Soft wood actually has slightly more energy in it than hard wood does, 9050 btu/lb vs 8600 btu/lb. But that energy is released faster, too fast to be desirable for heating your house where long slow release is desired. On the other hand in a boiler or in a kiln, soft wood is actually preferable as a fuel because it will give up its energy quickly and get out of the way to make room for more fuel to be added.


Quote:
Originally Posted by dkamp View Post
Internal combustion engines follow this circumstance INTIMATELY.
--Too little compression causes incomplete, or slow flame speed.
--As combustion occurs, pressure of the expanding gasses (from the heat of the fire) push the remaining UNBURNED mixture tighter, which (if the flame isn't interrupted) results in the burn rate ACCELLERATING... at least, up until a point).
- interruption of the flame is that it 'blows itself out'... same way putting a stick of dynamite on a wellhead fire 'blows out' the fire...
The density of the charge has a drastic effect on the flame velocity, as well as the fuel's own properties. As the flame starts to spread through the fuel the temperature and pressure of the charge rises, and if it gets high enough fast enough the remaining unignited charge will ignite all at once by compression-ignition, resulting in knocking damage.

Flame front velocity determines how fast the burn spreads outside of a knocking situation, and is important for setting an engine's timing. Propane in particular not only has a narrower ignitable mix range than gasoline, but the flame front velocity is lower. An engine using propane isn't as likely to knock because the propane doesn't burn as quickly, but also needs a little more spark advance to compensate for the slower burn.


Quote:
Originally Posted by dkamp View Post
BTW... When you use the term 'regulator' for gaseous fuels... be very specific... there are regulators, then there are Demand Regulators... aka Zero Governors... AKA Negative Pressure Regulators.

DO NOT confuse a 'regulator' with a Demand Regulator... While they are very similar, they are very different, and must NOT be confused. A common regulator has a high pressure on it's inlet side, and 'limits' it's output pressure... and these pressures are ALWAYS HIGHER than ambient pressure.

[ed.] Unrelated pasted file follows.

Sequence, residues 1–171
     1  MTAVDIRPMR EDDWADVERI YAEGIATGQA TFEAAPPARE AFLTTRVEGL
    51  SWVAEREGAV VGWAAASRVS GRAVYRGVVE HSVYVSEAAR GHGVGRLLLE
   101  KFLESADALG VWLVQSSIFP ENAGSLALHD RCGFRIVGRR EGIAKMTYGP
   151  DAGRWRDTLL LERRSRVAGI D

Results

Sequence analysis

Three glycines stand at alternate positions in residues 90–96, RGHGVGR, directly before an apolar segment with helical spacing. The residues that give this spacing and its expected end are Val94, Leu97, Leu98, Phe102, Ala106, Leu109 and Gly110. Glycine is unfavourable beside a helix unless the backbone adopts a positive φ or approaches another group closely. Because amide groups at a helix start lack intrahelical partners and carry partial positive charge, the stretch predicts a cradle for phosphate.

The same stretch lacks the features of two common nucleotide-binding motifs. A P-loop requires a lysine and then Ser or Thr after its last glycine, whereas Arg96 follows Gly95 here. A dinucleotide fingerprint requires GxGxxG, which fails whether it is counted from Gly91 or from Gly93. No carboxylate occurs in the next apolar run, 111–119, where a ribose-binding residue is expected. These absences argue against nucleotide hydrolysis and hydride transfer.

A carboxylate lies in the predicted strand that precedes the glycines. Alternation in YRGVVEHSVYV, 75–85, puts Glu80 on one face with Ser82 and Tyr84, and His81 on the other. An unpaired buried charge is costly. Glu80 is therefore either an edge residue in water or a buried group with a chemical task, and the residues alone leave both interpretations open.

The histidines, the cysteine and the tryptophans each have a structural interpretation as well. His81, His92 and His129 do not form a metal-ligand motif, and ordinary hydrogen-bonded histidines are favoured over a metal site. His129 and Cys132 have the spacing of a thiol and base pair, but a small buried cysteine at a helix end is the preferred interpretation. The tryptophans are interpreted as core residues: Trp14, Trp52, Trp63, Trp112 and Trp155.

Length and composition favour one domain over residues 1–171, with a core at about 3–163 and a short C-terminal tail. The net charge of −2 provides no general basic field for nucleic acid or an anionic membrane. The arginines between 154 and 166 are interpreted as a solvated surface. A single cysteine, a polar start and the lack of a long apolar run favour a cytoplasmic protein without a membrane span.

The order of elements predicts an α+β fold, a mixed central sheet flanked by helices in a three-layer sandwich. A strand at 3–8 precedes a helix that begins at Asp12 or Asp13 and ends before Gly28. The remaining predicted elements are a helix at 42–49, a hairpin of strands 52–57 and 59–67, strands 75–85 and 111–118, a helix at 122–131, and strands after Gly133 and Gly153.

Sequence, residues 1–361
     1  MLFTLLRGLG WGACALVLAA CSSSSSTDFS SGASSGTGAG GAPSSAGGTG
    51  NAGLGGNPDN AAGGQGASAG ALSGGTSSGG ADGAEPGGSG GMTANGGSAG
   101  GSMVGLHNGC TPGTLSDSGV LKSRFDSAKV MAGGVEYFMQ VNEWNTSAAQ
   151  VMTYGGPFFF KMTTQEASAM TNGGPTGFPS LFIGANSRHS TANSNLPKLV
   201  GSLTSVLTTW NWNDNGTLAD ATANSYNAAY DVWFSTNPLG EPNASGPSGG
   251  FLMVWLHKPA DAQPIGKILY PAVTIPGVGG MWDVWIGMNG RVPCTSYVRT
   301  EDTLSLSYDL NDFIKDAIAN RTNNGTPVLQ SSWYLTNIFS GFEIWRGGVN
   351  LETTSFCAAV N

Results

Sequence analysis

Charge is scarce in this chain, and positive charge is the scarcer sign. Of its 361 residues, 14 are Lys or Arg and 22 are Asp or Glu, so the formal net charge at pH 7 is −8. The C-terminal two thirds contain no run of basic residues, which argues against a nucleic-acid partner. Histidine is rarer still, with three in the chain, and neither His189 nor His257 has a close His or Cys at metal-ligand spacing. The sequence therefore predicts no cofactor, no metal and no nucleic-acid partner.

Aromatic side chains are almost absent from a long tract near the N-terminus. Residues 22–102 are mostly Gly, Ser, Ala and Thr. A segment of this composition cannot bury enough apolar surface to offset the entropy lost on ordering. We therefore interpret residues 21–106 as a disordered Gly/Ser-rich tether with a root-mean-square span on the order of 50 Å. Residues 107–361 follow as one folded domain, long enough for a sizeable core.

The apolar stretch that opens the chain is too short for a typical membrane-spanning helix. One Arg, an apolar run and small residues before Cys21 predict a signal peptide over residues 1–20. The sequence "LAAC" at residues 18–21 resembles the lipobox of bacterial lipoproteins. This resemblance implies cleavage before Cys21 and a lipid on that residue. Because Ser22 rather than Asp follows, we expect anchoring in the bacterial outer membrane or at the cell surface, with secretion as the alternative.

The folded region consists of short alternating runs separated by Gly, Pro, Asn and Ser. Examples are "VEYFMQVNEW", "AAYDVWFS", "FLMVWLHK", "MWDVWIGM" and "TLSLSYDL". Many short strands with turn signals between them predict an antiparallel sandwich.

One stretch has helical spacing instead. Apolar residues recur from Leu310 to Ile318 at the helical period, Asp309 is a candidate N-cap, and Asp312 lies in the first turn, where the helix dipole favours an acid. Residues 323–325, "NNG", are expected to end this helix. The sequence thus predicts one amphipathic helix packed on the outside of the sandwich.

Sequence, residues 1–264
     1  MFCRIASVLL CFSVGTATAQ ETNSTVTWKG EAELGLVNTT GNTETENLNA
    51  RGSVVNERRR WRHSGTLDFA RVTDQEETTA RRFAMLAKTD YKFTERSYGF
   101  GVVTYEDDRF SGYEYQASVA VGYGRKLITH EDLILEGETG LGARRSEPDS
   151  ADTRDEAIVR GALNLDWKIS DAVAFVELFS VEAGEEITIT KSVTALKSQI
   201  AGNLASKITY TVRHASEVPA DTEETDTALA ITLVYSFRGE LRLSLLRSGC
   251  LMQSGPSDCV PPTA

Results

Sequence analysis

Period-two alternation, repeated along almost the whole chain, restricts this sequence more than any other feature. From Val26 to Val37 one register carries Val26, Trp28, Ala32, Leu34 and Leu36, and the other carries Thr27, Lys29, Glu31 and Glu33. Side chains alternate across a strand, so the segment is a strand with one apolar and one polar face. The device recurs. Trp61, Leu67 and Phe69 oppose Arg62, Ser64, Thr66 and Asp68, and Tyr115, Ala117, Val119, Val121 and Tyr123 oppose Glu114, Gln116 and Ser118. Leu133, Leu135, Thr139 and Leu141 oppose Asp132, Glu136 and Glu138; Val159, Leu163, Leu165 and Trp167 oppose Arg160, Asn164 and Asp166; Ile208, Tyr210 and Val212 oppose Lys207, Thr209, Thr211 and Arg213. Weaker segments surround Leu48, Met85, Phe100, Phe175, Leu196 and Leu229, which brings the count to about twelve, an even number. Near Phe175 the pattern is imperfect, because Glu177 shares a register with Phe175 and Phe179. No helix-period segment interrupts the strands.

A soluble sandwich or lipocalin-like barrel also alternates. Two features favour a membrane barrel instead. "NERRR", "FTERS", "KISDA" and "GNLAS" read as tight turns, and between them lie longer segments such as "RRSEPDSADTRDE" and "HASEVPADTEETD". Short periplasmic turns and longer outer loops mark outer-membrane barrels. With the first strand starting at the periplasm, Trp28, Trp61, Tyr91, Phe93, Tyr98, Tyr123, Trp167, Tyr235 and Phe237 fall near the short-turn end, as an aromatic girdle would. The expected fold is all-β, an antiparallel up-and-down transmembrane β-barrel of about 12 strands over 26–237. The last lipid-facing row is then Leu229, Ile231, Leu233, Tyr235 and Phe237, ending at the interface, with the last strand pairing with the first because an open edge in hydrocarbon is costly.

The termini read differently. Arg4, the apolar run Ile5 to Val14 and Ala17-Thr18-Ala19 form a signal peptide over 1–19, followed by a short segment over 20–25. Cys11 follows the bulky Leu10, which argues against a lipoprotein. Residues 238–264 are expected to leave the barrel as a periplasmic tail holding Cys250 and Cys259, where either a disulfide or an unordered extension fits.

A Demand Regulator's output is BELOW ambient pressure... it requires VACUUM in order to flow. In order for a Demand Regulator to work properly, it must have not just any vacuum signal (not Manifold Vacuum), but rather, a DEMAND signal- a spud within a venturi... where more airflow through the venturi causes a greater vacuum (regardless of throttle position).

A propane mixer, a SPUD, and an 'auxiliary venturi' all provide a demand-vacuum signal to draw fuel from a Demand Regulator.
Demand regulators are still regulators- they measure the downstream pressure, and adjust flow through themselves to maintain the intended setpoint.

The biggest functional difference is that a demand regulator has a setpoint measured in inches of vacuum instead of pounds pressure. And the mechanism involved in actuating the valve is built differently to reflect that.


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Originally Posted by dkamp View Post
IF you see a 'regulator' device that has option for running engine coolant, or exhaust heat through, that means the device has an EVAPORATOR in it... and it will have either integral to it, or immediately before it... a FIRST STAGE regulator- it takes whatever tank pressure exists (anywhere from nothing, to over 250psi or so) and reduce it to either 10psi, or 2psi. After the fuel has been heated, it will evaporate and build enough pressure to flow on it's own.
LPG at tank pressure exists as a liquid at its boiling point in contact with pressurized vapor. If you lower the pressure in a 1st stage regulator, the liquid is going to become a gas immeadiately, at risk of icing up the regulator. Thus, the Impco regulators I've changed the diaphrams in did not appear to have a 1st stage in them. The liquid propane from the tank entered a passage close to the water jacket, and a needle valve moved by the diaphram directly metered the tank-pressure liquid into the evaporation space. I could see a larger regulator needing to be 2 stage, but both stages would have to be heated.


Quote:
Originally Posted by dkamp View Post
...and before anyone comments on how this will become tragic...
Propane, at atmospheric pressure and in liquid form, is an INFINITE heat sink. It requires heat MUCH MORE intense than a STERNO can to even slightly warm the propane tank. Remember: If you have a hopper-cooled hit-and-miss engine, that engine will NEVER, EVER exceed 212F as long as there's LIQUID WATER in the hopper. ;-)
I'd be more worried about the open flame igniting any leaks than I would about a sterno cup triggering any sort of BLEV explosion.
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Default Re: Natural Gas Engines in Cold Weather

Are there any pros or cons of using a demand regulator vs other methods of regulation?